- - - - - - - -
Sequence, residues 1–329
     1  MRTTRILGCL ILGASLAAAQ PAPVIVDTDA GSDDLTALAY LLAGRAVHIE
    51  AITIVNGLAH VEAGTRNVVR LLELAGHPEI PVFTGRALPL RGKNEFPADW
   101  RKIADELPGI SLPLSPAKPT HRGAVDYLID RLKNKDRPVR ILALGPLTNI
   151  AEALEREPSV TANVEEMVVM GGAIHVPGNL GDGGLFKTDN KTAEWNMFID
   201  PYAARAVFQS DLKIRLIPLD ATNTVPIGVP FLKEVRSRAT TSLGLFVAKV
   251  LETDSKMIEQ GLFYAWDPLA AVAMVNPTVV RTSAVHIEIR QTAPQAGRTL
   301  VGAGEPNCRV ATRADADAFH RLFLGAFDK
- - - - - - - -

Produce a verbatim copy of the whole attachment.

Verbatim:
Sequence, residues 1–329
     1  MRTTRILGCL ILGASLAAAQ PAPVIVDTDA GSDDLTALAY LLAGRAVHIE
    51  AITIVNGLAH VEAGTRNVVR LLELAGHPEI PVFTGRALPL RGKNEFPADW
   101  RKIADELPGI SLPLSPAKPT HRGAVDYLID RLKNKDRPVR ILALGPLTNI
   151  AEALEREPSV TANVEEMVVM GGAIHVPGNL GDGGLFKTDN KTAEWNMFID
   201  PYAARAVFQS DLKIRLIPLD ATNTVPIGVP FLKEVRSRAT TSLGLFVAKV
   251  LETDSKMIEQ GLFYAWDPLA AVAMVNPTVV RTSAVHIEIR QTAPQAGRTL
   301  VGAGEPNCRV ATRADADAFH RLFLGAFDK